The man who fought to unify Arizona copper workers is remembered with a state highway that runs along the Union Pacific railroad tracks.

Maclovio R. “Mac” Barraza was born on March 8, 1927 in the mining town of Superior.

His father and grandfather were copper miners and growing up he heard stories about how Mexican-American miners earned lower wages than their European-American counterparts, lived in segregated housing and had little or no hope of advancement.

Maclovio R. Barraza

At about 11 years old, Barraza began to work in the mines during school breaks to help his family. He left school after the eighth grade.

After working construction and serving in the military, Barraza started working for the Eagle Picher Mining Corp., likely at the San Xavier Mine.

There, he first came into contact with unions. At the time, the American Federation of Labor was the bargaining agent at the mine and while it obtained a contract that set wages and working conditions,it rarely took employee grievances to the mining company.

Barraza and several other miners got wind of another union that represented miners and would deal with grievances, hold educational sessions and had representatives available to help workers.

In 1950, he and four other mine workers contacted the district board member of the International Union of Mine, Mill, and Smelter Workers, commonly referred to as the Mine Mill, and requested a chance to organize under the union. This was the start of Barraza’s long affiliation with this union.

Barraza was elected chairman of the union organizing committee and when the local union was established he was elected president. He served as president until June 1952. During this period he worked as a “cager,” operating the elevator that took miners, supplies and ore up and down the mine shaft. Throughout his workday he was able to talk with many miners and could obtain and distribute information.

In time his effectiveness as a local union president gained the notice of union leaders and in 1952 he was asked to work directly for the Mine Mill as an organizer and representative. In this position he was based out of El Paso, Texas, and traveled throughout Western Texas, Arizona and New Mexico to maintain and establish local unions for the Mine Mill.

He spent a lot of time on the rivalry between his union and the United Steelworkers of America. He was a powerful and convincing orator and as a result kept many union members from joining the other union. He believed that without an organized workforce there was little hope for Mexican-American workers to obtain equality.

In 1961, Barraza was elected to the board of the union to represent District 2, which included Arizona, New Mexico, Southern Utah and Southern California. In his new role he was able to move his wife, Esperanza, and their four children back to Tucson.

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Serving on the board he became even more aware of the toll the rivalry between his union and the United Steelworkers of America was having on union workers. He recognized that families were being torn apart as two unions bitterly struggled to keep and gain membership.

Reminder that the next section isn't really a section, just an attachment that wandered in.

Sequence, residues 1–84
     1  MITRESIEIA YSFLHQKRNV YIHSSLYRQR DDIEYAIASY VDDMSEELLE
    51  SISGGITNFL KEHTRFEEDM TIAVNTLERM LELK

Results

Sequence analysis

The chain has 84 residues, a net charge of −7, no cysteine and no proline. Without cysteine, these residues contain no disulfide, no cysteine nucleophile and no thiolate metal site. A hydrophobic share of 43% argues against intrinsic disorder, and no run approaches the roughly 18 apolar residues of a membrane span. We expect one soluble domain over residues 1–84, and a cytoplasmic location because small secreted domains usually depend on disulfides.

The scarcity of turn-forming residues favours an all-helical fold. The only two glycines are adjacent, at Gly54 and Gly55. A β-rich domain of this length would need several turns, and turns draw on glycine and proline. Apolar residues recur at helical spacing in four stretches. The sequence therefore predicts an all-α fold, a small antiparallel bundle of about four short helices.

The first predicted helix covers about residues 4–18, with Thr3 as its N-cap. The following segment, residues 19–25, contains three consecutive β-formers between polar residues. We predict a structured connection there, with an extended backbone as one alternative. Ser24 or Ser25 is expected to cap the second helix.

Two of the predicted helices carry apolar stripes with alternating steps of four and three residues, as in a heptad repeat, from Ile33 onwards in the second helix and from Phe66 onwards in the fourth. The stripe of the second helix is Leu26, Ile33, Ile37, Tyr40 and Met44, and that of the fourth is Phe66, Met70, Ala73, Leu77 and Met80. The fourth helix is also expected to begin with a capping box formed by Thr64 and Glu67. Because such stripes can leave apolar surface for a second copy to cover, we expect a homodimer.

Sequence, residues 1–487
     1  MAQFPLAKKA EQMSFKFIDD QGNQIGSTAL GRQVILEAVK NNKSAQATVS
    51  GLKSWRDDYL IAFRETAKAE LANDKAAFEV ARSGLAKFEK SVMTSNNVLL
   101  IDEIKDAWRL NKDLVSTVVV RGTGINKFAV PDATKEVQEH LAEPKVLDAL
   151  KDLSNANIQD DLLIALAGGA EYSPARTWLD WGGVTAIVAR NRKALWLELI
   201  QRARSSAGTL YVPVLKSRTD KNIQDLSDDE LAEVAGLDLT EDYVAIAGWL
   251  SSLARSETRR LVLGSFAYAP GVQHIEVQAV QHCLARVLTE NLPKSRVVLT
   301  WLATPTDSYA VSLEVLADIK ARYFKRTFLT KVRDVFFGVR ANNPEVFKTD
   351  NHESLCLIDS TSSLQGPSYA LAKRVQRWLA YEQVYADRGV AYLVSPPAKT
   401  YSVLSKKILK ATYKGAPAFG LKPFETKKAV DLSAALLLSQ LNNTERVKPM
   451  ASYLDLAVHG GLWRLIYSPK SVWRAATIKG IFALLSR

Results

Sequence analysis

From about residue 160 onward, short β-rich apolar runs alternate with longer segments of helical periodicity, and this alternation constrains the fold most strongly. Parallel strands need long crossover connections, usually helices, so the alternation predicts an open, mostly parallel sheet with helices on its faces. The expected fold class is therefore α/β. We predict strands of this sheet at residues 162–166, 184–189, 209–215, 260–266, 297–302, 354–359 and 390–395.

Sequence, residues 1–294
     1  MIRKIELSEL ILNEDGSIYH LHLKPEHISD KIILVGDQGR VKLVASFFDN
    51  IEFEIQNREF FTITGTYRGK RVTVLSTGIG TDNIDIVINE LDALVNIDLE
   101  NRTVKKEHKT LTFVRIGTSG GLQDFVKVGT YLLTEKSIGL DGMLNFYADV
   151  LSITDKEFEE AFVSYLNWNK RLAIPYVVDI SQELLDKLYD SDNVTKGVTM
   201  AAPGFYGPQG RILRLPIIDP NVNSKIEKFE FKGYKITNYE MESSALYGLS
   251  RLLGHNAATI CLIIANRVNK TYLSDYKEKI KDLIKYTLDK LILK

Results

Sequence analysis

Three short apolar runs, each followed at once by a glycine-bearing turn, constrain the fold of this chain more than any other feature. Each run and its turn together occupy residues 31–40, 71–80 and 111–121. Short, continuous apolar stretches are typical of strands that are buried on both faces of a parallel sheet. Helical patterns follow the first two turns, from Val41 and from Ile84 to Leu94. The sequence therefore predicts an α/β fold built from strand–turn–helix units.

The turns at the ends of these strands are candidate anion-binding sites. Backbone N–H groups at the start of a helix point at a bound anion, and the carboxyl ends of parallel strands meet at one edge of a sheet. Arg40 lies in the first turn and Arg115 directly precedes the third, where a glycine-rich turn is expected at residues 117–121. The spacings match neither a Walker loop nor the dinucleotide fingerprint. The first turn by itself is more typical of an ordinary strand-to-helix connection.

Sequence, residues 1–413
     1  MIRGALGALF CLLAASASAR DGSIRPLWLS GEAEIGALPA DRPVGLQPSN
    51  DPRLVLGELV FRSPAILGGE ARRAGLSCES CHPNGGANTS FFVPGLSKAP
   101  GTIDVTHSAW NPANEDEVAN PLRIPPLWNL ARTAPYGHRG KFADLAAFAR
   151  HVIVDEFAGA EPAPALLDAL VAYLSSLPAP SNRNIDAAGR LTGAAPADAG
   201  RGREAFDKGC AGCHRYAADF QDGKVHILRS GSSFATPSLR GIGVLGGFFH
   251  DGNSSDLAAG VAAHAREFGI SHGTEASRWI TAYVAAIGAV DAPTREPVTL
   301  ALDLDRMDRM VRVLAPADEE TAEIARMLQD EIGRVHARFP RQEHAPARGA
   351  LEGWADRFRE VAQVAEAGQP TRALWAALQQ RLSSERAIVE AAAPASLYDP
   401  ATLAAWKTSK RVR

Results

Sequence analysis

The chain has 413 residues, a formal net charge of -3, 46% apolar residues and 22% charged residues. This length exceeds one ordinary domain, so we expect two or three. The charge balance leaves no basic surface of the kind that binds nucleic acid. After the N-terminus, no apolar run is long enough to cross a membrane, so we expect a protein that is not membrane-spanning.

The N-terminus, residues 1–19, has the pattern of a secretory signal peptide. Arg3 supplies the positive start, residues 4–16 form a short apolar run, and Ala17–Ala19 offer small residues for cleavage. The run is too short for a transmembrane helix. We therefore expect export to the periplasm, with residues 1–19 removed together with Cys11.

As long as the unions kept fighting, he realized, the real issues of improving wages and working conditions would be overlooked. His number one objective became the unity of copper workers. So in 1967, with the approval of other top officials of the Mine Mill, the union became part of the United Steelworkers of America union and Barraza became a regional vice president for the United Steelworkers.

During this decade his activities outside of the union increased as well. In Tucson, he joined a picket against a restaurant that wouldn’t serve African-Americans but would serve Mexican-Americans. “If you sit back and let one group be oppressed then you are participating in your own oppression,” he told a fellow picketer.

He also campaigned for free textbooks for public school students and became the representative for Mexican-American students at Tucson High School when they went out on strike in 1969. Barraza, along with the students and parents, persuaded the school board to change its policies.

In 1968, Barraza was the founding chairman of the executive committee of the Southwest Council of La Raza, which started locally but became a nationwide organization called the National Council of La Raza. Among the local group’s notable contributions, in the late 1970s it helping to change the hiring policy of the University of Arizona radio and television stations to employ Hispanics.

Every year at its convention, the National Council of La Raza awards the Maclovio R. Barraza leadership award to a rising leader in the Hispanic community.

Barraza died on June 29, 1980, while serving as chairman of a committee of United Steelworkers of America union representatives negotiating with Magma Copper Co. in Phoenix.

Note: What is now known as Barraza-Aviation Parkway was originally called Aviation Field Road, which derived its name from the Aviation Field — now Davis-Monthan Air Force Base.